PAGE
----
Panel: Impacts of the ACA on Insurance Coverage, Utilization, and Health

Saturday, November 9, 2019: 3:15 PM-4:45 PM
I.M Pei Tower: Terrace Level, Terrace (Sheraton Denver Downtown)

*Names in bold indicate Presenter

Organizer:  Jesse Hinde, RTI International, Inc.
Discussants:  Brendan Saloner, Johns Hopkins University and Kelsi G. Hobbs, University of North Carolina, Greensboro

The Affordable Care Act (ACA) has considerably reduced the uninsured rate nationally through availability of guaranteed issue commercial plans through the Marketplace and expanded Medicaid eligibility in many states. Simply expanding access to health insurance coverage may not always be enough, understanding the responsiveness of consumers to the incentive structures for enrollment and health care use are critical to future reforms that build upon or replace the ACA. One of the core arguments for expansion has been that individuals without coverage may forego preventive care, delay treatment, and subsequently overutilize the emergency department (ED)––leading to worse health outcomes and higher long-run health expenditures. In this session, we explore changes in subsidy structure on uptake of coverage and effects of coverage gains on health care use and outcomes, providing a comprehensive picture of the broad impacts of the ACA.


The first paper assesses changes in the effects of the Marketplace subsidies on insurance coverage as the ACA Marketplace premiums and regulations have evolved across states.  It leverages the Current Population survey and regression discontinuity design to identify effects of the subsidies at three eligibility thresholds where the subsidy structure changes discretely. Preliminary results suggest that coverage effects have attenuated at the lowest eligibility thresholds in Medicaid expansion states and increased in non-expansion states, and increased at higher thresholds in states running their own exchange.


The second paper studies trajectories of ambulatory care visits and ED visits among six data-derived subgroups of Pennsylvania Medicaid expansion enrollees, a state ranking fifth largest in Medicaid enrollment. Reasons for visiting the ED were similar across the six subgroups; however, reasons for non-ED ambulatory care use were highly variable (e.g., substance-related disorders, mood disorders, dental care). The results inform Medicaid agencies on the health needs and services used by millions of newly publicly insured individuals and how heterogenous subgroups may benefit from different sets of services to reduce ED utilization and improve enrollee health.


The third paper focuses on the long-run trajectory of potentially avoidable ED utilization after coverage expansion. Two well-known algorithms were used to classify ED visits in seven states using data from the Healthcare Cost and Utilization Project for 2008 through 2016. It uses one-, two-, and three-year lags of insurance coverage in a county-level fixed effects model to identify whether prior changes in population-level coverage impact future ED use, failing to find compelling evidence to suggest delayed effects of coverage gains on ED use for non-emergent or preventable conditions.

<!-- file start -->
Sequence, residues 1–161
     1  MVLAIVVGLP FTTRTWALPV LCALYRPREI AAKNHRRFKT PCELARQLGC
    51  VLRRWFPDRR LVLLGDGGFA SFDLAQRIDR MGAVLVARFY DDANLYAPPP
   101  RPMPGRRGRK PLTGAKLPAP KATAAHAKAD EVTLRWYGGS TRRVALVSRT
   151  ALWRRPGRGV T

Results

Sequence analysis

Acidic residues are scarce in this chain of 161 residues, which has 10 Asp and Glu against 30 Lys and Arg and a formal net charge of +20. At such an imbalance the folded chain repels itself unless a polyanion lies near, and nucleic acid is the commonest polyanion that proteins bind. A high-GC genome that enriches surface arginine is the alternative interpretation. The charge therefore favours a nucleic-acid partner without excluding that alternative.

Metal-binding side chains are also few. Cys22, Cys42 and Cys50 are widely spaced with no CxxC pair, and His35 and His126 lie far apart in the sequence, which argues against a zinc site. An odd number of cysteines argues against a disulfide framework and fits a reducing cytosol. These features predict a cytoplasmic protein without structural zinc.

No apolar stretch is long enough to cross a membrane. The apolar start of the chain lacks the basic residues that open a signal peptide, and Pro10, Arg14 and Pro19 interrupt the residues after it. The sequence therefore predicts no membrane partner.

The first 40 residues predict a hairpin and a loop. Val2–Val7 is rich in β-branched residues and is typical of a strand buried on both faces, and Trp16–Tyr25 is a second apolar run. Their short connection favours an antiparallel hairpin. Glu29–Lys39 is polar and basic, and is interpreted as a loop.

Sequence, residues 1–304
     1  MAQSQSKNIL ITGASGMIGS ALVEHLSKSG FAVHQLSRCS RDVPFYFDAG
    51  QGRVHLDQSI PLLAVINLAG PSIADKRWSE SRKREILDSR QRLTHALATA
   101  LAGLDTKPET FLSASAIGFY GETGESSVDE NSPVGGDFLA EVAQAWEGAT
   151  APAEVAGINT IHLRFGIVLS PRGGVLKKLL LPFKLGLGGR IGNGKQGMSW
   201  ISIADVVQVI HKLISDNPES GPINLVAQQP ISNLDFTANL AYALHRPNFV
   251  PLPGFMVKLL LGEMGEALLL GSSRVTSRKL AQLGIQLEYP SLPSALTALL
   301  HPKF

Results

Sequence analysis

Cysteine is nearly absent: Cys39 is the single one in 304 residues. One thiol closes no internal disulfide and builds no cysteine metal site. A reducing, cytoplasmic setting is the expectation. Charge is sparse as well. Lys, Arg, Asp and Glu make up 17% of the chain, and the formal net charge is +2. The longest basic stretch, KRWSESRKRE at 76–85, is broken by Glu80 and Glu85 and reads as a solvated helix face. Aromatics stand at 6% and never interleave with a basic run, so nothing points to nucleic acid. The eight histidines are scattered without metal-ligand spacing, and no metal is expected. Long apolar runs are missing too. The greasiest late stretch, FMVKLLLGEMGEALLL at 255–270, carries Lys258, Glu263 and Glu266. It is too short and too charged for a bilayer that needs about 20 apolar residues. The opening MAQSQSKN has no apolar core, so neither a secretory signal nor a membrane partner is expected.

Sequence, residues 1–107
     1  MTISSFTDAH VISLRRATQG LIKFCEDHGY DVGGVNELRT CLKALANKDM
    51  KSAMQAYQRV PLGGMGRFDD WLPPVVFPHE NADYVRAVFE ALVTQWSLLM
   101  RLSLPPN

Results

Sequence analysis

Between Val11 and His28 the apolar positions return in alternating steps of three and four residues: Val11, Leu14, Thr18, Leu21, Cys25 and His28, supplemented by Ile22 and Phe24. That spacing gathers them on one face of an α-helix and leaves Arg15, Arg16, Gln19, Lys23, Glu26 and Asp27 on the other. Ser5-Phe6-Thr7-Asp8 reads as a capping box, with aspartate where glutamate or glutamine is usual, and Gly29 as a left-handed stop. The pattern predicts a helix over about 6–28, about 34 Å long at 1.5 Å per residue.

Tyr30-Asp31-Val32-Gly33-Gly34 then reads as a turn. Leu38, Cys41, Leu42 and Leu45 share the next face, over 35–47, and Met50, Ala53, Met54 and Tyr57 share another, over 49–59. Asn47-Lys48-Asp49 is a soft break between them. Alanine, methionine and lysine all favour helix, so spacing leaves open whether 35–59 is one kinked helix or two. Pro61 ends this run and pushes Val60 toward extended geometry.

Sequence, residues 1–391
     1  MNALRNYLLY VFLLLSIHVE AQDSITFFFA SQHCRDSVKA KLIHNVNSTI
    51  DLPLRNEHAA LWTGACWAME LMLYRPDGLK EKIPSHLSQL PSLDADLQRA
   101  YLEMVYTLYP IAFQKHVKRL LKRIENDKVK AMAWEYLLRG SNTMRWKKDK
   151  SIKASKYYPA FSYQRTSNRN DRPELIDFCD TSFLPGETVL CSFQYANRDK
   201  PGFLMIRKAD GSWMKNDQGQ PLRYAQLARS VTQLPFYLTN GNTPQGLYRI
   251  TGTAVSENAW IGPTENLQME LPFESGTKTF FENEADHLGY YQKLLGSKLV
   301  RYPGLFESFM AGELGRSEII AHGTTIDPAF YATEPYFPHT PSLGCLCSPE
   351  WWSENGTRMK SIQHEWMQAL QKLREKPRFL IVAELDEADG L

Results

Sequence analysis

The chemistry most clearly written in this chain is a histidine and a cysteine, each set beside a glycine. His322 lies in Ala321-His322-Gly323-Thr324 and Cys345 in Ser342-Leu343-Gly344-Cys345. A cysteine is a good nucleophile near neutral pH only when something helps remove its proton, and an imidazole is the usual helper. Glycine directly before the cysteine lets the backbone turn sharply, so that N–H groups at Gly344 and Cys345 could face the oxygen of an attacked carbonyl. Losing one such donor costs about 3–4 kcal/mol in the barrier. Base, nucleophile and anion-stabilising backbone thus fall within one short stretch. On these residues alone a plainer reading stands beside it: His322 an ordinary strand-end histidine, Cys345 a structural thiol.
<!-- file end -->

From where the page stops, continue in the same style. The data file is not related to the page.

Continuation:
The fourth paper studies the impact of Medicaid expansion on incidence of end stage renal disease (ESRD), a costly but preventable condition. It uses a difference-in-differences design to compare incidence rates across Public Use Microdata Areas and expansion status. Medicaid expansion was associated with 1.7 fewer incident ESRD cases per million, representing a 2.5% relative reduction in incidence. This highlights a potential benefit for non-expansion states with high baseline ESRD incidence rates and demonstrates how increased Medicaid spending can generate offsetting reductions in Medicare spending, the primary payer for ESRD.

Is There a Delayed Effect of Coverage Gains on Avoidable ED Visit Rates?
Paul Shafer1, Lindsay Sabik2, Stacie Dusetzina3, Timothy Platts-Mills4, Sally Stearns4 and Justin Trogdon4, (1)Boston University, (2)University of Pittsburgh, (3)Vanderbilt University, (4)University of North Carolina, Chapel Hill

Trajectories of Emergency Department and Ambulatory Care Use in Pennsylvania Medicaid Expansion
Mara Hollander, Lindsay Sabik, Evan Cole, Jeremy Kahn and Julie Donohue, University of Pittsburgh

Effect of Medicaid Expansion on the Incidence of End Stage Renal Disease Among Nonelderly Adults
Rebecca Thorsness1, Shailender Swaminathan1, Yoojin Lee1, Benjamin Sommers2, Rajnish Mehrotra3, Kevin Nguyen1, Daeho Kim1 and Amal Trivedi1, (1)Brown University, (2)Harvard University, (3)University of Washington

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